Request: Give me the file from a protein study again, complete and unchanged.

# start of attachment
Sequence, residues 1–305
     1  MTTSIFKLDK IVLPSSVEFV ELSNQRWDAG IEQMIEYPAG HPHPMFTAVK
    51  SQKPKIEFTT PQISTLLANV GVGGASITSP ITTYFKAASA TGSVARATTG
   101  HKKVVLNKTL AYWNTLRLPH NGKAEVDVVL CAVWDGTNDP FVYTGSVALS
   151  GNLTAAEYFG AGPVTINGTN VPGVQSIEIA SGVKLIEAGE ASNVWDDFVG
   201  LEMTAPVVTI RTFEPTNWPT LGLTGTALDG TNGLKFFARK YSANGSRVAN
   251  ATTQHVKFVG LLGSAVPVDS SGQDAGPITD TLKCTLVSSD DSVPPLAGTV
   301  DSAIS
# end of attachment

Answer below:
Sequence, residues 1–305
     1  MTTSIFKLDK IVLPSSVEFV ELSNQRWDAG IEQMIEYPAG HPHPMFTAVK
    51  SQKPKIEFTT PQISTLLANV GVGGASITSP ITTYFKAASA TGSVARATTG
   101  HKKVVLNKTL AYWNTLRLPH NGKAEVDVVL CAVWDGTNDP FVYTGSVALS
   151  GNLTAAEYFG AGPVTINGTN VPGVQSIEIA SGVKLIEAGE ASNVWDDFVG
   201  LEMTAPVVTI RTFEPTNWPT LGLTGTALDG TNGLKFFARK YSANGSRVAN
   251  ATTQHVKFVG LLGSAVPVDS SGQDAGPITD TLKCTLVSSD DSVPPLAGTV
   301  DSAIS